Garden Girl Quilt


We’re back…Yep, it’s been awhile since Kelli and I have had a quilt for you here at Moda Bake Shop. We’ve been really busy.  We sent our quilt book, scheduled to come out in early 2015, to our publisher.  Kelli’s been taking college classes and we bought an old foreclosure house that we are remodeling.  You can read all about that and see pictures on our blog, Jo’s Country Junction.  With all that going on you’d think we’d not have time to to sew anything else..NOT!!  Sewing is therapy for us and trust me, we need therapy.  Besides, who can resist a great fabric line like MoMo’s Avant Garden…not us!  Read the pattern here then stop over to our blog and we’ll fill you in on some behind the scenes info about the quilt and we have a sweet $50 gift certificate for one our readers to win.

Before we get going here are a few stats on the quilt.

Finished Block Size:  10”
Finished Quilt Size:  80” x 90”

Layout:  8 x 9

Fat Quarter Bundle of MoMo’s Avant Garden
4 yards Blue Background
4- 1/3 yard cuts of coordinating solids/dots
5 1/2″ yards backing
3/4 yard binding

**Note WOF means the width of the fabric**

Pick 24 fat quarters from the bundle.  From Each (of 24) fat quarters cut:
                -Cut 2- 7 1/2″ x 21” strips.  Subcut 1- 7 1/2″ x 21” strip into 2- 7 1/2″ squares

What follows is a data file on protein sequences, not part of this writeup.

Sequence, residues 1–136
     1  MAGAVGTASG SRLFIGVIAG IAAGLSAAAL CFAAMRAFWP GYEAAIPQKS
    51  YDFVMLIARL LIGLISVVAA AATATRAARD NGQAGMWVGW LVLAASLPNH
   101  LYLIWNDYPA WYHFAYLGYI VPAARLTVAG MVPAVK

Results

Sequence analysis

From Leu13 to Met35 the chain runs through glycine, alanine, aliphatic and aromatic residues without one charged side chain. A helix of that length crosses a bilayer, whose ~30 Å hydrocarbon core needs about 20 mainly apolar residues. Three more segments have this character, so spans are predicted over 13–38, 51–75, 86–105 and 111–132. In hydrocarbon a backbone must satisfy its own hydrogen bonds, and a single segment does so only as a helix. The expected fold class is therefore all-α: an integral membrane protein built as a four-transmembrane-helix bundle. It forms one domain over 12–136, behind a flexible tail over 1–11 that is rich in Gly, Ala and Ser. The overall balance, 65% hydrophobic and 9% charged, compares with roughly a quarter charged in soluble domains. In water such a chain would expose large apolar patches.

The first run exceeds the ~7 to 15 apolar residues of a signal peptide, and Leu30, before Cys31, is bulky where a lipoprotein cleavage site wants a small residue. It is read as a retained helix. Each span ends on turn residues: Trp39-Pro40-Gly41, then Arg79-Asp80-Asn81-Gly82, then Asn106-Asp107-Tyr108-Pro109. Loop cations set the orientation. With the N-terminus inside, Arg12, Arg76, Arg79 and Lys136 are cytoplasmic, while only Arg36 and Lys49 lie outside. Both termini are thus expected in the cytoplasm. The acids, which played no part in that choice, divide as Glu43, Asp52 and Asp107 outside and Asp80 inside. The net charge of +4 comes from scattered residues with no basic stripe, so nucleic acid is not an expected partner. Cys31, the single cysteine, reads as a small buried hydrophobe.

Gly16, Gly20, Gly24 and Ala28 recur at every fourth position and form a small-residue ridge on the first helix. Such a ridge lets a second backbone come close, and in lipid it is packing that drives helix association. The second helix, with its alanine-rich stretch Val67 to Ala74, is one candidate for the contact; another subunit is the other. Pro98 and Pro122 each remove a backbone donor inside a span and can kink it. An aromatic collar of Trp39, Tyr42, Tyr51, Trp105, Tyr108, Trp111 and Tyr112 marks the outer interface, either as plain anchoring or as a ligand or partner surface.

-Cut the remaining 7 1/2″ x 21” strip into 1- 7 1/2″ square and 2- 3 ½” x 13.5” rectangles. 
                -Cut the 2- 3 1/2” x 13 1/2″ strips into a total of 12- 2” x 3 1/2″ rectangles.
                **From each fat quarter, you will need a total of 3- 7 1/2″ squares and 12- 2” x 3 1/2”                                  rectangles.
From Blue background fabric:
                -Cut a total of 36- 2” x WOF strips
                                -Subcut into a total of 576- 2” x 2 1/2″ rectangles.
                -Cut a total of 29- 2” x WOF strips
                                -Subcut into a total of 576- 2” squares
From Each of 4 coordinating solids/dots (cornerstones):
                -Cut 4- 2” x WOF strips
                                -Subcut each strip into a total of 72- 2” squares of each color (288- 2” squares)
From binding fabric:
                -Cut a total of 9- 2 1/2″ x WOF strips.
Sewing Instructions (for one block):
1.  Using 4- 2” squares and 4 matching 2” x 3 1/2″ rectangles, place a blue square, right sides together, on the corner of each of the colored rectangles.  Sew from corner to corner on the blue square.